QUEERNESS ON THE PRAIRIES

Oki and kamusta everyone! My name is Kelsey, but you can call me Kels. I’m a queer Pilipina-Canadian and I’ve spent my whole life on the prairies here in Alberta, Canada. I run a video podcast called Queer in Alberta where I interview 2SLGBTQIA+ Albertans from all kinds of backgrounds, genders, races, and sexualities to share their stories. I am so happy to be writing this piece to share some representation of queerness on the prairies.  

I want to make room for the moments of queer joy that too often go unseen here

Now, I know as well as anyone that there can be a lot of stereotypes when we think about queerness in Alberta, stereotypes that often seem to focus on hardship and struggle. I’ve felt it in my own life, and I’ve heard it in the words of the people that I’ve interviewed, but today, I want  to make room for the moments of queer joy that too often go unseen here. In sharing my story of  growing up rurally and that of my friend, Alix Brett, my hope is that a larger audience can hear about some of the small victories that make me very proud to be Queer in Alberta.

As you’ll see in Alix’s story, some of us are queer and just so happen to love the pace of life in these little towns. I’ve lived on Treaty 7 territory in the city of Lethbridge for almost nine years now. During my first week of university, I remember looking out at the city lights on a late-night drive and just thinking to myself, wow. This new world around me is so much bigger than the one I came from! I grew up rurally in the Lakeland, a municipal district that’s three and a half hours  northeast of Edmonton. I graduated in Bonnyville, Alberta, which was a 5,000-population town. If I were to sum up some of the hallmark aspects of growing up rurally, the first things that come  to mind are drives to the next town over to go to Wal-Mart or the movies, and every major milestone event was celebrated at that same town’s BP’s (Boston Pizza).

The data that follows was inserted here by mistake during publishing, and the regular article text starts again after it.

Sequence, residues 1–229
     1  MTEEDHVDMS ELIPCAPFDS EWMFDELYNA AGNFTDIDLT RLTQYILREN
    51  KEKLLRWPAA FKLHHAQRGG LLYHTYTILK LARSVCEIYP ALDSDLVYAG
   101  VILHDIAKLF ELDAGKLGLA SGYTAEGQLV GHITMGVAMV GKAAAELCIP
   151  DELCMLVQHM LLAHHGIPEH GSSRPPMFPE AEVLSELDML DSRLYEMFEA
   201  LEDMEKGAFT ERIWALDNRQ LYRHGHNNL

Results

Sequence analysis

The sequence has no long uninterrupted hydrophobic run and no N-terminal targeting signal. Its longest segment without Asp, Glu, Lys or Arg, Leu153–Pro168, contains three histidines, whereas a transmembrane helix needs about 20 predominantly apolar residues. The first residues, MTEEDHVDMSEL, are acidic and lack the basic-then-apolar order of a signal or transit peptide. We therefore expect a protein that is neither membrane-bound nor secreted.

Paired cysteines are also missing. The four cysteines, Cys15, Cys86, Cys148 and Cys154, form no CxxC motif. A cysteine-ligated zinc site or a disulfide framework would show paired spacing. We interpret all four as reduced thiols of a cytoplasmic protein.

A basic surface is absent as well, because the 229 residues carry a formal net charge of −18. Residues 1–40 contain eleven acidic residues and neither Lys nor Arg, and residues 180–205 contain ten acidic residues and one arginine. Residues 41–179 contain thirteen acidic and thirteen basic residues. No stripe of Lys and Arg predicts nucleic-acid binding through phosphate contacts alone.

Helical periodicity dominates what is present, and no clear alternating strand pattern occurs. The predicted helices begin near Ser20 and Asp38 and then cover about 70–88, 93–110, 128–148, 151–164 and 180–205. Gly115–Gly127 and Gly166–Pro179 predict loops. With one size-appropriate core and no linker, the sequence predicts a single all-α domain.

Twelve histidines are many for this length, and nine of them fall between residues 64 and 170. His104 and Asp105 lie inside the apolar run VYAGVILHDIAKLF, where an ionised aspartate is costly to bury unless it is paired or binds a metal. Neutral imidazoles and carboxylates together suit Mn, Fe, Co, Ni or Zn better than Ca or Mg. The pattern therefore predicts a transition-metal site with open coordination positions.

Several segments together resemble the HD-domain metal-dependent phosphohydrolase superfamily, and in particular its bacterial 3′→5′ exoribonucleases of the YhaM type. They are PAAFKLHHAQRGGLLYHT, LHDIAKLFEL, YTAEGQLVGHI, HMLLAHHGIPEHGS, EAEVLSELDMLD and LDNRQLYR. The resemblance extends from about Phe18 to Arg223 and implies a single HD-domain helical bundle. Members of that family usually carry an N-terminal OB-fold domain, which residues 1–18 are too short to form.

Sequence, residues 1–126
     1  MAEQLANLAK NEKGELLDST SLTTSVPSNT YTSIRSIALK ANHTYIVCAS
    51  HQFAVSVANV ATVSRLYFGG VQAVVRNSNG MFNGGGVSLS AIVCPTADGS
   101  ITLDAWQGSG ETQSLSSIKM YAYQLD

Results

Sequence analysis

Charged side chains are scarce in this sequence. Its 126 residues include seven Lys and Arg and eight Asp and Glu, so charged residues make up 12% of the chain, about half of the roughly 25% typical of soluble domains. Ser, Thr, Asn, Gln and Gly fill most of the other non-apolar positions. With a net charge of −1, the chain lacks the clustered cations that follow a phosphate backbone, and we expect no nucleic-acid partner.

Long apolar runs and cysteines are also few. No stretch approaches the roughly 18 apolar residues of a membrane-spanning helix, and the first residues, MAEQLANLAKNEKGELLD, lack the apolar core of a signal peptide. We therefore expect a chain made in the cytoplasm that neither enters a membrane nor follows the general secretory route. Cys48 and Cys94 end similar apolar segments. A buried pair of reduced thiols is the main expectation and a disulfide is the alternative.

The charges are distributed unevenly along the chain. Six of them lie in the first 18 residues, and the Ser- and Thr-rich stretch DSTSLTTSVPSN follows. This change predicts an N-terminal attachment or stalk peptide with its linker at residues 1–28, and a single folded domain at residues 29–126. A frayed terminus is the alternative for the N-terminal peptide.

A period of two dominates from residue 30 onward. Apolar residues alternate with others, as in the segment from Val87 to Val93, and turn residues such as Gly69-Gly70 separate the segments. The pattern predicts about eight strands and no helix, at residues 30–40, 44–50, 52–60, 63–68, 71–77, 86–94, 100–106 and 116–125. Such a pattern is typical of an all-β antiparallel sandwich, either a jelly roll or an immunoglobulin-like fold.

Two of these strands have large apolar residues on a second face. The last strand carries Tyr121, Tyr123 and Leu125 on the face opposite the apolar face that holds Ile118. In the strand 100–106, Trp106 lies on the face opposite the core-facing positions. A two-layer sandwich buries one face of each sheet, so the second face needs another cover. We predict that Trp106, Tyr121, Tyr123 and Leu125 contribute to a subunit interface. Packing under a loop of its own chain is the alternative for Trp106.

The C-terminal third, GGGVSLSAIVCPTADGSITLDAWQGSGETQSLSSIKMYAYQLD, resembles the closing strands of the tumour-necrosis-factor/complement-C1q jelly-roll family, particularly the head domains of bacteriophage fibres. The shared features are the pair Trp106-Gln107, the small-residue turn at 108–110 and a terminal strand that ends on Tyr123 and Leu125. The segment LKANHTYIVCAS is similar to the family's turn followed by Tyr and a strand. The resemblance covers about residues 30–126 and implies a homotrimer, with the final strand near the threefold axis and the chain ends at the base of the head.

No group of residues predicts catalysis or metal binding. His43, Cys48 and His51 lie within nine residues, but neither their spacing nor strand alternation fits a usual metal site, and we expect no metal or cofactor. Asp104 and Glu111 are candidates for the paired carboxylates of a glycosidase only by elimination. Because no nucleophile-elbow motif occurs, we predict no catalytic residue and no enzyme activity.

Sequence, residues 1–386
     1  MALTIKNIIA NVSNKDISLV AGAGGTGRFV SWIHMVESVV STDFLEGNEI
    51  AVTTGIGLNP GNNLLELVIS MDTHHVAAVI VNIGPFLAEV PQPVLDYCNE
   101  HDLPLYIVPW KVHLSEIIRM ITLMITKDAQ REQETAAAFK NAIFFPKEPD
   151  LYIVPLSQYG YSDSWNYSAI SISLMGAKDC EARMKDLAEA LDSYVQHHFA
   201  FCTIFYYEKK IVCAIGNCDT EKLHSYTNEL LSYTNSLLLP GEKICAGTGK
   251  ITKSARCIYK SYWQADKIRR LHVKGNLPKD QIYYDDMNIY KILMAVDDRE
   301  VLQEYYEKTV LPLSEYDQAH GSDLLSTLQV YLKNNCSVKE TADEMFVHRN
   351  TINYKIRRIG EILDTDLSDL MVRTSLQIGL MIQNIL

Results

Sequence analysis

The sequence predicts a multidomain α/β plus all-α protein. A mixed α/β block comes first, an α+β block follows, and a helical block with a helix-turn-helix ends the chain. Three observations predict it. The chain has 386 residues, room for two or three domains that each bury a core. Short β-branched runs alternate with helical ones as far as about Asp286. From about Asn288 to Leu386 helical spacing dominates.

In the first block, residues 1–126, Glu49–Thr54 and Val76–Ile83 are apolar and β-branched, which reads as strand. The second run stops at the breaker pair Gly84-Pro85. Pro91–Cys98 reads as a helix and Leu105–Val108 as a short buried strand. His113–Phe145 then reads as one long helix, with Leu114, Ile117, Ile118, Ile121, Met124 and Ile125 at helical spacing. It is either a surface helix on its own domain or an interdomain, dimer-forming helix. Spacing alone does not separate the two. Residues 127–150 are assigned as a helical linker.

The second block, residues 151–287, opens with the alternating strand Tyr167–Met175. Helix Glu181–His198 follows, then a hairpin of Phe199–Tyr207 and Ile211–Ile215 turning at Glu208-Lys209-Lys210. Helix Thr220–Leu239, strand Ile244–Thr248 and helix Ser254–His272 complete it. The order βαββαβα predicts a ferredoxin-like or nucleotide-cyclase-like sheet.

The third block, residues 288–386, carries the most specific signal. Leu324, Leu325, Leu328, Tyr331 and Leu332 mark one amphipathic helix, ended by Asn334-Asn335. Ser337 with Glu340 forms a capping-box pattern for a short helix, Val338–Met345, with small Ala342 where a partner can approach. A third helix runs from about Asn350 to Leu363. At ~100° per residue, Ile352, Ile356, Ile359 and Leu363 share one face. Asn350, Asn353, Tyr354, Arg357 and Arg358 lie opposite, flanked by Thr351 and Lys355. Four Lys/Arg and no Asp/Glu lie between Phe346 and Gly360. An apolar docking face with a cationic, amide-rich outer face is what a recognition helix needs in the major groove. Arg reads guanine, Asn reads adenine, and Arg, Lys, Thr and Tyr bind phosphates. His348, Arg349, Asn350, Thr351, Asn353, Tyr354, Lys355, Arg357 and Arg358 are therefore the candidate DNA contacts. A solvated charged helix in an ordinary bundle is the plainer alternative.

It is a little strange for me to write about my experience of small-town queer life since a)  it has been so long since I lived rurally and b) when I did, I was in deep denial about my  sexuality. My parents never envisioned a future where their eldest and only daughter could be  anything but straight and sex-ed in school only covered cisgendered heterosexual or hetero passing relationships. Anything that was “gay” felt socially and even morally taboo, and sadly, that meant this was a conversation that was heavily avoided. I did have one teacher in high school that was queer, but without understanding my own identity, I never reached out to her. As a result, until I turned 18 and moved to Lethbridge, queer people were simply moot– non existent, and when we did come up, we were portrayed as startling caricatures that were clearly  influenced by damaging and outdated stereotypes. I do want to take a moment to acknowledge  that while I had the opportunity to leave the small town that I grew up in, this is not the same  story for all queer people in Alberta. Sometimes, people don’t want to leave the smaller  communities that they’ve grown up in. 

Alix and I met through Queer in Alberta. We both grew up rurally, but unlike me, Alix decided to stay in Stettler, a town roughly the same size as Bonnyville. The difference in Alix’s experiences, with mine, blew my mind and reminded me that just as I have changed and grown so much in the near decade since leaving, these small towns have had equal opportunity for growth. As an openly bisexual teacher, Alix was initially afraid to come out in the early stages of her career. After she did, she was surprised to find that her entire school staff was accepting and happy for her. Fellow teachers came to support her, even staff she didn’t usually talk too, and they were eager to ask her for resources on how they could be better educators for queer students.